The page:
GARDEN: An Herban Winter

Updated: Mar 6, 2020

Keep it fresh this winter with homegrown produce. —INGRAIN, Winter 2018

How to garden in the city, Chicago urban farming guide

STORY / Dana Driskill

With a few simple steps and the right plants, you can turn that outdoor space—balcony, patio, rooftop, whatever sliver of sunlight you've got into your own little urban produce stand this winter. (Too cold outside? Put on a jacket already.)


Located in Chicago’s East Garfield Park, Herban Produce began in 2014 with several goals in mind: employing residents of Chicago’s West Side neighborhoods, educating the community about food sourcing and nutrition, and championing the importance of environmental sustainability and stewardship. Herban Produce is well on its way to meeting and exceeding each of those objectives.

Today, the nonprofit has grown to include a 4,000-square-foot greenhouse and a farm stand. Like all urban gardeners, Herban Produce relies on different growing tactics depending on the crop and season (winters in Chicago are notoriously tough, but they can still be fruit-filled). Among its tricks: a Nutrient Film Technique (NFT) hydroponic system to grow both sturdy and delicate greens (including Swiss chard, Rouxai red oakleaf lettuce, and cilantro) and a fodder system to help microgreens flourish (from Bull’s Blood beets to marigolds). The nonprofit also hosts nutritional seminars for Garfield Park families to help inform them of healthful eating habits and provides produce for Marillac House, a local food pantry (its produce is a first in the pantry’s history), giving people in need access to a greater variety of food options beyond traditional nonperishables.

Barry Howard, Herban Produce’s founder, has several ambitious plans for the nonprofit over the next two years: expanding its CSA delivery program, installing solar panels and launching a weekly produce market at the farm, and growing the farm to encompass an additional seventeen city lots (while renting out space for fellow urban agricultural farmers as an incubator farm).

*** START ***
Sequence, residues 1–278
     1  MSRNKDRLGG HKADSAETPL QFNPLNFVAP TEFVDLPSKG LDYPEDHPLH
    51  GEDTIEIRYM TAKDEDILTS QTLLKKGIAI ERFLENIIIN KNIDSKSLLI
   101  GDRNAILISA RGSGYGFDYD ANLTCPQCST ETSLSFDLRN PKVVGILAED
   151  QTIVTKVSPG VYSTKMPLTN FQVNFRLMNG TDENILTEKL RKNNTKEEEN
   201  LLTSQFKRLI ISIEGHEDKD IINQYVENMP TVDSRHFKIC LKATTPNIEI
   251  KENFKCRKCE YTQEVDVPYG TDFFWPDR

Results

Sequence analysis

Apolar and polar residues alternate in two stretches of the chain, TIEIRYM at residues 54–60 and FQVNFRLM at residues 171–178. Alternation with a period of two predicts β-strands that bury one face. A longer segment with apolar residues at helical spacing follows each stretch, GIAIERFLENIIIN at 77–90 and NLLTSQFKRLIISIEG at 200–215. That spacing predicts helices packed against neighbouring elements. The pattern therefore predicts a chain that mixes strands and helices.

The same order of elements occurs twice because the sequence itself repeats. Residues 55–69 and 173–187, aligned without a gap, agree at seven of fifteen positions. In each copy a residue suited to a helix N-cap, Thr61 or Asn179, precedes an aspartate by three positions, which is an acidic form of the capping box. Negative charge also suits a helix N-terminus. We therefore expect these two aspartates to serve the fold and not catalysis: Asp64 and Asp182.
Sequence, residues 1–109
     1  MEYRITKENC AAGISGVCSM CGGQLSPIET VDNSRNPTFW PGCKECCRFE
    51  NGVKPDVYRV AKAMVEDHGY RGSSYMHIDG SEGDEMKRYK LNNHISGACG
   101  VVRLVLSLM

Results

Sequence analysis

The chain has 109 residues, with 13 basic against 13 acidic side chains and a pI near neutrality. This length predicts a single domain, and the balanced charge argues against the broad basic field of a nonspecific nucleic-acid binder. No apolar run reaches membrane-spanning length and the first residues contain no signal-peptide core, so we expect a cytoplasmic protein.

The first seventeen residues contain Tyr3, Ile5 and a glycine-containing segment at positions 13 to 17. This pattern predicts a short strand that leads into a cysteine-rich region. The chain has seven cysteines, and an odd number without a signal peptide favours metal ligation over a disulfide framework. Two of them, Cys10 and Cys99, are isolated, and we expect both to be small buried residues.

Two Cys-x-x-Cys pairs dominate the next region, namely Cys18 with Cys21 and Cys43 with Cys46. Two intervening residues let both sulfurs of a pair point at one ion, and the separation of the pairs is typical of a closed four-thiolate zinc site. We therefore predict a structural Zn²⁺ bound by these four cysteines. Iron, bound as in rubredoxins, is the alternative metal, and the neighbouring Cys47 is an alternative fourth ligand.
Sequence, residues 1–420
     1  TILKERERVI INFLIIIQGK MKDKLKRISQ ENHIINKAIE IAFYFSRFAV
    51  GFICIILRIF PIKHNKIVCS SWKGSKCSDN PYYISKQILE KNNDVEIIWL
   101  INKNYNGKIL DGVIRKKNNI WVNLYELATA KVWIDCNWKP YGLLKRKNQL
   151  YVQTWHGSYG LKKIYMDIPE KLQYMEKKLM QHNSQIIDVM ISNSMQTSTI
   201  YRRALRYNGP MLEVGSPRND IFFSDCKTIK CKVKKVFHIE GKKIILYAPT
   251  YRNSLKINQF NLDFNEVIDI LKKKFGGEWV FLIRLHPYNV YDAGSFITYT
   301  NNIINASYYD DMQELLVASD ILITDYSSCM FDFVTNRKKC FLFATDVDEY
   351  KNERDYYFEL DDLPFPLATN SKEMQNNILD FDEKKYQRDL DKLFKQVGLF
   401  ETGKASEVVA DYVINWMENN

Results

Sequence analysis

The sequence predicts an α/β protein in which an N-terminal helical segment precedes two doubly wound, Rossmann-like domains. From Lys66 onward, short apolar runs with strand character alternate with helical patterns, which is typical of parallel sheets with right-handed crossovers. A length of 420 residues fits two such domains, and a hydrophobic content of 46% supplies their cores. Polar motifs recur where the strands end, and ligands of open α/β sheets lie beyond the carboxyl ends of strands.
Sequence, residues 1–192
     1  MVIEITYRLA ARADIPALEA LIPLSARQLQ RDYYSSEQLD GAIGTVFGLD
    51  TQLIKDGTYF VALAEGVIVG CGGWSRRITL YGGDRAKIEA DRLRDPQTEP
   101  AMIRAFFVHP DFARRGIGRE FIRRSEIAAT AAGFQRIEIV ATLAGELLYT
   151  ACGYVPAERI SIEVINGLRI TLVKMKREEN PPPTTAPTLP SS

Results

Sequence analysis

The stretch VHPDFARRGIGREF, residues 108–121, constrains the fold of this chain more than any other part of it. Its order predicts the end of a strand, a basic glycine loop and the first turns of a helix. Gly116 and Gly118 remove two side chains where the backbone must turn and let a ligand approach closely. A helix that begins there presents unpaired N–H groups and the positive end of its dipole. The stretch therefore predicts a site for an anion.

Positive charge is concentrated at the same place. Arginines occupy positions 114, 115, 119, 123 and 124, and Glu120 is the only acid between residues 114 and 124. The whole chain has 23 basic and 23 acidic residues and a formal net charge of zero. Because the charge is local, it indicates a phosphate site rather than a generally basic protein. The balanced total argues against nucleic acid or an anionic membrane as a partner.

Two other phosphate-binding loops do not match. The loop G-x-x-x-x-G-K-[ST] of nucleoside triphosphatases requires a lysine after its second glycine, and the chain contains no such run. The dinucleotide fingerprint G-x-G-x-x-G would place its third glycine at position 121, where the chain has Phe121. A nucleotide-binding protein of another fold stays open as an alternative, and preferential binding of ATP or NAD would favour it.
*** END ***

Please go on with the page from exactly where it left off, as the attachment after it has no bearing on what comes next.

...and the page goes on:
Howard also wants to continue partnering with different chefs in a “Know Your Grower” program (you can already find Herban Produce at various restaurants in Chicago). Local chefs and Herban Produce gardeners would work together beyond the typical wholesale arrangement (restaurants order and choose seasonal produce based on availability) to create a seasonal menu inspired by what the farm is able to grow during that particular time of year.

Visit to find out what seasonal varieties are available and for upcoming events.

Urban farming, Chicago gardening


Still using that half-broken pot you salvaged from the neighbor’s recycle bin? It’s time to upgrade the size of your containers to allow roots to thrive. Also consider switching to freeze resistant pots, or rearrange container locations so plants get maximum sunlight as the days shorten.


It’s critical to re-up your soil with a nutrient boost after a long, and hopefully bountiful, summer. (Tomato hornworm disaster? Screw it. Roasted broccoli rabe with Parmesan awaits.) Be sure to replace the potting soil in all of your containers; a generous amount of mulch will also protect against the cold. Talk to your local garden shop about the best mulch varieties for the plants you choose.


Unless you live in a warm climate, delicate herbs like basil and sun lovers like tomato plants need to call it a season (pasta party!). Classic fall favorites like broccoli, onions, winter squashes, and even peas and radishes enjoy cooler weather and have higher frost tolerances.


Do consider when the first frost may hit your city. Work backward to figure out which vegetables to plant first. The goal: Your plants need time to mature before the cold fully settles into those planters.

Humidity and sunlight are also important players in the success of fall vegetables and herbs. For instance, lettuce prefers some sunshine, but not too much, while cauliflower can be temperamental and likes moderate climates with lots of moisture. And it may be cold outside, but keep the soil hydrated throughout the growing season, and add in compost to help these veggies flourish.